But the Church continues. And always will.

    And meantime, I concern myself with the salvation
    of my soul, today, and not the Pope’s, today
    or any day. That is the right prioritizing of
    doing that which is within our limited control,
    horizon, and responsibility.

    That God has managed to survive the inanities of
    the religions that do Him homage is truly a miraculous
    proof of His existence!

  2. Donato Infante III says:

    Dowd: “The sin-crazed “Rottweiler” was so consumed with sexual mores — issuing constant instructions on chastity, contraception, abortion — that he didn’t make time for curbing sexual abuse by priests who were supposed to pray with, not prey on, their young charges.”

    A perfect example of the media showing its bias. The truth would say constant instructions on Christology or soteriology.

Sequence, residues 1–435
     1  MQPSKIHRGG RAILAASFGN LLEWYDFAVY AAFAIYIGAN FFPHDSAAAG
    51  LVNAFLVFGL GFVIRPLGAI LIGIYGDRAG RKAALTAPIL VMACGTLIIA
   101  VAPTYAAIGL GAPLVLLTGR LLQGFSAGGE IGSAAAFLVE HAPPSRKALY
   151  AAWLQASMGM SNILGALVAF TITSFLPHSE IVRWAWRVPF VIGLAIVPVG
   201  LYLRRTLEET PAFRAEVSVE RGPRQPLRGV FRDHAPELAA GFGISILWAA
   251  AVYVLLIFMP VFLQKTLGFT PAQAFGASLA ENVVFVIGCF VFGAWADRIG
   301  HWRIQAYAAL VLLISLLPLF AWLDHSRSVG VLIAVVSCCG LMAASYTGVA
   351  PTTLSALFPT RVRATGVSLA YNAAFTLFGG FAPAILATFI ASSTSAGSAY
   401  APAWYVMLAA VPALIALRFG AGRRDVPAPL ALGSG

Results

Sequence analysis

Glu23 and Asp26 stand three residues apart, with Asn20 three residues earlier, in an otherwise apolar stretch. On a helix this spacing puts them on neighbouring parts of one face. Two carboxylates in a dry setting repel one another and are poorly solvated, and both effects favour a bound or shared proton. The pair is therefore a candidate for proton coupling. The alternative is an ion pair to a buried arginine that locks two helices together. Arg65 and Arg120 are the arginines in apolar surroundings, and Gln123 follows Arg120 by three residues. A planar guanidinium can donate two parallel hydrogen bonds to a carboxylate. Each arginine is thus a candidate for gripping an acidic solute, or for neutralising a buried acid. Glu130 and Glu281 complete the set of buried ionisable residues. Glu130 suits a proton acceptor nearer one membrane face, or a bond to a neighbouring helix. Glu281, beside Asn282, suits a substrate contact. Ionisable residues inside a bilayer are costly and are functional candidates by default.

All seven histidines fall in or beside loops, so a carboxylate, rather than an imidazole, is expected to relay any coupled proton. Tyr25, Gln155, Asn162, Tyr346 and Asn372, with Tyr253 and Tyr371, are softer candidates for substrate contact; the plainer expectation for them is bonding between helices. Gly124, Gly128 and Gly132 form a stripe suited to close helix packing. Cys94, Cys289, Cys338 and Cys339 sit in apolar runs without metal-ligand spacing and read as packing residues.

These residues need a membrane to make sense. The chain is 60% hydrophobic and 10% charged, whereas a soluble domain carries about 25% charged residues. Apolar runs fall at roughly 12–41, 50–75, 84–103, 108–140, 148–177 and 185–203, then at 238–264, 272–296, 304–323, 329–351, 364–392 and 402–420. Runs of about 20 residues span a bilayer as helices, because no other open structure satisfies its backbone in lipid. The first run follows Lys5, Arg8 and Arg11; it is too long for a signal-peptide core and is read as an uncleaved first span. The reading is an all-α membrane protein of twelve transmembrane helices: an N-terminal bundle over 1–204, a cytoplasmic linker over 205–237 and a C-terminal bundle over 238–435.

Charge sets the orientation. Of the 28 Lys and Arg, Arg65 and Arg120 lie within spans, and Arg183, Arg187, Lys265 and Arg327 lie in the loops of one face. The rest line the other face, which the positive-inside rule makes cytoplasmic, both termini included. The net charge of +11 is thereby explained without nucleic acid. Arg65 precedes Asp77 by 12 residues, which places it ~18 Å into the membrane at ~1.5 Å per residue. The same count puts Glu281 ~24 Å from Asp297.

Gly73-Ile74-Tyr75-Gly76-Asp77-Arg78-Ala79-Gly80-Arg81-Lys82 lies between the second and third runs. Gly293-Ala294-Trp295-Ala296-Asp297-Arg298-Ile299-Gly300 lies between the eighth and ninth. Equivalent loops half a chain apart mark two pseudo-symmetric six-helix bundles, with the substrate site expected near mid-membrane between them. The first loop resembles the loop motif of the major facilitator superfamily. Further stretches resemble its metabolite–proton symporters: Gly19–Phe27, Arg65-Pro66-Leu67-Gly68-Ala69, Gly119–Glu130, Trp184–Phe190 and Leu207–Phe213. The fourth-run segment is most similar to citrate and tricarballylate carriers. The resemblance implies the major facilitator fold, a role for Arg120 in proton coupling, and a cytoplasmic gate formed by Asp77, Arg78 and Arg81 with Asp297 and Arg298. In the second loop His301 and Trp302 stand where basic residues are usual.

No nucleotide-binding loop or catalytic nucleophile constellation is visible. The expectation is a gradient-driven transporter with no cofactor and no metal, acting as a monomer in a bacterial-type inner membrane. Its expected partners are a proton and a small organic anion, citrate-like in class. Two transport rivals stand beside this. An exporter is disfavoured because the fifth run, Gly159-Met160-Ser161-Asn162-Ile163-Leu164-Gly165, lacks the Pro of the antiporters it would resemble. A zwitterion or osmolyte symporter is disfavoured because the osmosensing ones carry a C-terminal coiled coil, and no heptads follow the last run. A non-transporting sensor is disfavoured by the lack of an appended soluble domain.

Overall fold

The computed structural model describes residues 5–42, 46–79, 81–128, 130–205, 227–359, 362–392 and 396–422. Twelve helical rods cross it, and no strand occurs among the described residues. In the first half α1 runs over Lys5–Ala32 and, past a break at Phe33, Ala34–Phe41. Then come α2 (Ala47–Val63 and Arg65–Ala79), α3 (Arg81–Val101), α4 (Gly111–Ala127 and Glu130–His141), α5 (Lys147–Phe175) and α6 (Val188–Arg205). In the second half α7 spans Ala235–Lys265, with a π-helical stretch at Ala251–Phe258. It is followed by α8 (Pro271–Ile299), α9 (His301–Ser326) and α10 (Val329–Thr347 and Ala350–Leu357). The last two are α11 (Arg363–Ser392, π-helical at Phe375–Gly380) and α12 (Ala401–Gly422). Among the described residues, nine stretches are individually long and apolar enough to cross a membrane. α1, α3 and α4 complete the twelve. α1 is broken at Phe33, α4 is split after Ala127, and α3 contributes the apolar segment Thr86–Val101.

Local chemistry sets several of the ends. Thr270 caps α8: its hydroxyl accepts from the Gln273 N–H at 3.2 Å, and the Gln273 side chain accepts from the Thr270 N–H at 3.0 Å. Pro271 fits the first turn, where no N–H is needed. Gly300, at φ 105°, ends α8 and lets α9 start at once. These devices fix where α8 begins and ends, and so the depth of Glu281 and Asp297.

3. Henry says:

    Allow me to share with you the text from a friend’s blog (http://communio.stblogs.org/)

    No Catholic should be surprised that there is filth in the Church for Our Lord Himself told us that this would be so in the parable of the weeds among the wheat (Matthew 13:24-30). AND it’s no surprise that the Church is full of sinners, sinners who commit grave sin. And yes, some who claim to follow Christ commit evil and everything possible must be done to stem the evil and to make amends for that pain generated by that evil.

    Furthermore, no Catholic should be surprised that the Faith should once again be attacked during Easter because this is an annual event. However, this year’s annual Easter attack on the Faith has taken the form of one upon the person of the Pope, Benedict XVI, himself.

    What truly saddens me, however, is that there are many within the Church herself, those who should know better, that are once again attempting to create a Christianity without Christ. But if we forget Christ, if we do away with the wholly different measure that He introduces into the world now, through the Church, then we no longer have the terms on which to judge the Church.